Monday, February 19, 2007

DRM and Patents

Most people associate Digital Rights Management (DRM) with music or movie companies. The motivation for DRM supposedly comes from the anti-piracy efforts of the RIAA or MPAA. In this world view, digital resources are locked up by greedy companies wanting to make maximum profits from the creative efforts of (generally) exploited artists.

That's one view. Another is that DRM exists because it can make big bucks for the technology companies that own the DRM technology. Evidence for this view can be found in the patent wars that are taking place around DRM and its components.

The story is long and complex, but suffice it to say that Microsoft is one of the larger holders of patents in the area of DRM. However, their attempts to monopolize the DRM market have so far been stymied. One of the more glaring incidents relates to the patent they purchased when they bought into Xerox's ContentGuard, the company that developed XrML (which later become the rights language portion of the ISO standard based on MPEG-21) and the holder of 49 US patents plus numerous others in Europe and Japan. In particular, they claim to hold the patent on rights expression languages, such that any rights management scheme that uses a rights expression language must pay them fees for the use of their technology. This includes any use of the rights expression technology that is described in what is now the international standard, ISO 21000. Basically, use the standard, pay a fee.

To that end, Microsoft and other holders of related patents (notably Intertrust, which claims to hold 61 US patents in the area of "trusted computing") formed the MPEG-LA, that is the MPEG licensing agency. It describes itself as "... the world leader in one-stop technology platform patent licenses, enabling users to acquire patent rights necessary for a particular technology standard or platform from multiple patent holders in a single transaction." The logo on its web site has the words "fair, reasonable, non-discriminatory access to fundamental technologies," and "one-stop technology standards licensing."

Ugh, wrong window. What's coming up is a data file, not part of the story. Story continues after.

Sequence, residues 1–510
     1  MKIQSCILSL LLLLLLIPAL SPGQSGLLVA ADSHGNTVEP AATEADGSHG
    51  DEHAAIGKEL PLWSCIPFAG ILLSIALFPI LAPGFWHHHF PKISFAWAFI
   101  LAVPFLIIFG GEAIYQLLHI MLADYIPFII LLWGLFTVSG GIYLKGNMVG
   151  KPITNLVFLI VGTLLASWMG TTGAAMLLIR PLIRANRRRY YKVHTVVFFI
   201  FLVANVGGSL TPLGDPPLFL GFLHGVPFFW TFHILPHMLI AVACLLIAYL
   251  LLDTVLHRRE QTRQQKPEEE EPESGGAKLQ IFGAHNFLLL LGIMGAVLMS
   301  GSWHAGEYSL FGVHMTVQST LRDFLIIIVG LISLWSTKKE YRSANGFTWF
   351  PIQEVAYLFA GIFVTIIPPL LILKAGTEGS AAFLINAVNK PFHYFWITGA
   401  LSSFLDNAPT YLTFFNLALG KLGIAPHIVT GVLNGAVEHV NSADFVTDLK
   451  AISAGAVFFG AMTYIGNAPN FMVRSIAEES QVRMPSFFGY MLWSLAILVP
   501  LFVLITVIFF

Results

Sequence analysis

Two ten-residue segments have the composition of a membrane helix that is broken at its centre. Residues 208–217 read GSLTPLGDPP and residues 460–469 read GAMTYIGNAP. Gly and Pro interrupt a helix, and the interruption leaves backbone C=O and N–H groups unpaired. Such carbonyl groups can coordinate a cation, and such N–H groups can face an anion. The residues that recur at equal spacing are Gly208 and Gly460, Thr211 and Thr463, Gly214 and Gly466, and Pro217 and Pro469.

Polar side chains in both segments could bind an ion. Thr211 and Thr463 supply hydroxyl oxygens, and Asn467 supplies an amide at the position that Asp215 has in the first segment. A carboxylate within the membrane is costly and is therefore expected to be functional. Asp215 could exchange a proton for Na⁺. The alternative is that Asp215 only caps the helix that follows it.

Once the ISO standard 21000 was passed, MPEG-LA announced that it would now provide licensing for any patents relating to DRM. Shortly thereafter the companies providing content primarily via cell phone (and mostly in Europe), the Open Mobile Alliance (OMA), received word that MPEG-LA had developed a license for them. The members of OMA were not using the new ISO standard. They were using OMA's own DRM standard based on the Open Digital Rights Language (ODRL), a patent- and license-free technology. With the assertion that all rights languages are covered by ContentGuard's patent, OMA was told that it now owed $1 per device (think: number of cell phones in use x $1), plus 1% of all revenue from content-related transactions for using its own technology. Ah, the beauty of the patent system.

What followed was about two years in which the OMA members went through various stages of response, from incredulity (Huh?!), to fear (can they really do this to us?), to bargaining, to stalling, and now, perhaps, to open rebellion. MPEG-LA has offered reduced prices (US $0.65 per device and $0.25 per transaction) in a second version of the license that no one wants, as if paying a little less for something you don't want to pay for at all will make the price more palatable. For all of its confident (you might say even arrogant) claims to be the rightful holder of all things DRM, it appears that no one today is paying MPEG-LA anything at all. And now Intertrust, a major partner in the MPEG-LA, is offering its own, separate deal with content providers. And others who wish to use DRM are designing that DRM to avoid those technologies for which patent rights have been claimed, such as the use of rights expression languages. In essence, the patent demands have caused the technology development to shift, and it's too early to tell what the effects of that will be.

Patent wars seem to be all about blustering, making demands, and acting threatening. It's a legal version of claiming to own the water rights in an arid landscape -- people downstream tend to pay you off, mainly because the cost to fight you will be as much or more than what you demand. What is interesting about this particular war is that the big bully does not seem to be winning. Of course, we still have to wait and see what will happen now that Microsoft has brought its DRM-enabled operating system to market (Vista), but it is just possible that this time the demands were so ridiculous that instead of paying up people are just walking away, shaking their heads in disbelief.

1 comment:

Anonymous said...

Thanks, informative post on something I hadn't known was going on.